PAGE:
Visa U.S.A. president Carl F. Pascarella is digging in his heels-and shaking the ground underneath his organization like never before.
Never one to rest on Visa's laurels as a market-share leader or back away from any good fight, Mr. Pascarella is putting his pugnacity to a new and perhaps ultimate test.
He says he is blasting away at bureaucracy, moving quickly to streamline and retool the company before electronic commerce and other emerging challenges pass it by.
Word is out that some in the rank and file are nervous. Visa has acknowledged that the restructuring extends to offering retirement packages to some long-term workers.
Mr. Pascarella sounds willing to let the chips fall where they may.
"We may not be talking about radical change," he said in an interview last week. But there definitely will be a "different process."
"Nothing is sacrosanct," the U.S. chief executive officer said in describing a top-level reassessment of strategy that began in the fall. At a company meeting two weeks ago, he said, "I told my people that from today on, Visa is never going to be like what it was in the past.
"When you're winning is the optimal time to take a company to the next level," he said, repeating what he told senior managers in October at the meeting that kicked off the project. "We had to change the way we do business."
Five-and-a-half years into his tenure at Visa U.S.A.-he headed Visa's Asia-Pacific region for 10 years before that-Mr. Pascarella, 55, is the kind of guy whose constant drum-beating can make him sound like Chicken Little.
The sky was falling when he first arrived at Visa headquarters near San Francisco. To hear him talk, it never really stopped. Based on Visa's record, he must have done a lot of things right.
His first assignment was to get Visa back to taking market share away from MasterCard. Visa's East Coast rival had been quicker to embrace the notion of cobranding, which allowed companies from AT&T and General Motors on down to take a marketing ride on the banks' electronic payments infrastructure.
Mr. Pascarella not only managed a reversal of Visa's policy on that issue, but also invested heavily in Visa's own brand. He views that as the foundation of everything Visa stands for-including the current 53% share of U.S. general-purpose card spending.
"We worked very hard to get to where we are in the physical world-in terms of brand perception, the market leader," he said. "The preeminence of the Visa brand is something we have to leverage" as the battleground moves to the Internet.
But being No. 1 and operating as an association rather than an explicitly profit-driven corporate enterprise are not the preferred prescriptions for injecting a sense of urgency into the organization.
So Mr. Pascarella turned to the tried-and-true mechanism of reorganization. That included some new hires at senior levels, and a new approach to holding business units accountable for what they develop and sell. With this change, they are taking responsibility "from cradle to grave," he said. This is supposed to eliminate the dreaded "silos" that inhibit communications and efficiency.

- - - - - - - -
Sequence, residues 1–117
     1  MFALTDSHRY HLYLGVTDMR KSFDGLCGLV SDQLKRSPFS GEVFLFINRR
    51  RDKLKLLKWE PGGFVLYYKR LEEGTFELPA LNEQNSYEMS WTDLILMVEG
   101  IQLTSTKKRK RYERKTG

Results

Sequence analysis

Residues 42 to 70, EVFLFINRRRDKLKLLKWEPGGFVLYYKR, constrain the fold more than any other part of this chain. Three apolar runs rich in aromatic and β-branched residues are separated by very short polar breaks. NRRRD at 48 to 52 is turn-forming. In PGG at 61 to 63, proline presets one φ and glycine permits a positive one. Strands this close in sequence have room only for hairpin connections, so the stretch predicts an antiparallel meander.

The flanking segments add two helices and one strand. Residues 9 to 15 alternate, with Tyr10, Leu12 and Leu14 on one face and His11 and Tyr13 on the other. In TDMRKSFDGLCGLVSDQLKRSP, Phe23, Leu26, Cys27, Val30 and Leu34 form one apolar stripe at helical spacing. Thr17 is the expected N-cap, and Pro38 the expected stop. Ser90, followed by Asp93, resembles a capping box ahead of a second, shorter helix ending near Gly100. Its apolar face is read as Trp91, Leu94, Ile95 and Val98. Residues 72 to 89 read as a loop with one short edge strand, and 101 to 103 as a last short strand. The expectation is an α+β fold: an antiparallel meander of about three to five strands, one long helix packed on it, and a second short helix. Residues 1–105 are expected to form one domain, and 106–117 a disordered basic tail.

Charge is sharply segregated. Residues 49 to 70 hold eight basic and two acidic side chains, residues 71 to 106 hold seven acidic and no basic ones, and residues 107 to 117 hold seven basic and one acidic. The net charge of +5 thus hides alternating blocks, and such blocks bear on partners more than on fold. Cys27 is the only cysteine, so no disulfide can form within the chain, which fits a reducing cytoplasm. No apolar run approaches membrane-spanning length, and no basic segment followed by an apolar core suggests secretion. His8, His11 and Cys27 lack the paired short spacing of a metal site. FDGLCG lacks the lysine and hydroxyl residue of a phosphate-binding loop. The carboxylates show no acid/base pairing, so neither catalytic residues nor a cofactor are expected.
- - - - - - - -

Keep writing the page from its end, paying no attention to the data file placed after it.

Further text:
"We can't have handoffs and bureaucracy," Mr. Pascarella said. "Bureaucracy always creeps in," but now there is an emphasis on resisting it. "Our job is to be the best partners that our banks have. The timing for what we are doing is right-maybe more right than it was in October-November when we started down this road."
This was not what people outside Visa were perceiving back then. Edmund Jensen, who worked closely and had a lot in common with Mr. Pascarella, had just retired as president of Visa International. As the head of the largest regional entity, and with years of company service and international experience, Mr. Pascarella was considered the favorite to succeed Mr. Jensen.
When the job went to an outsider-Malcolm Williamson, group chief executive of Standard Chartered Bank of London-Mr. Pascarella could easily have packed his bags. But throughout the selection process he talked like a team player, expressing confidence that he and his peers would pull together behind whoever took the helm.
The way Mr. Pascarella dived into the reorganization seems to prove both his sincerity and tenacity. Characteristically, he is not looking back.
Competition, whether from MasterCard, American Express, or other nonbanks, is not letting up. The Internet "changes everything," as the cliche goes. And then there are the nettlesome matters of a federal antitrust suit against Visa and MasterCard, a second one filed by major retailing companies, and the recent flap with the perennial leader among bank card issuers, Citibank, that resulted in the resignation of two of its executives from Visa's board.
"Five years ago, this was a cakewalk compared to what we have now," Mr. Pascarella said. "We have technology changes, bank consolidation, and regulatory issues all at the same time. And consumers are looking for value and convenience.
"This is a difficult time. We are going through this because we are as strong as we are."
David Robertson, president of The Nilson Report of Oxnard, Calif., and a close observer of Visa, said it is "strategizing to determine what financial institutions in the United States are going to need from MasterCard and Visa-and what it will take for Visa to be the preferred partner."
Mr. Robertson suggested that "the challenge is away from cards," and that is "uncharted territory for the associations," which only complicates management's task.
Mr. Pascarella's organizational vision has emerged gradually over the last few months. It may not yet have filtered out visibly to the membership. One consultant active in the field said he has not heard Visa's internal moves remarked upon.
Mr. Pascarella brought in an executive vice president for corporate relations, John Onoda, whose international experience with General Motors Corp. underlined Mr. Pascarella's insistence on assembling a "world class" staff.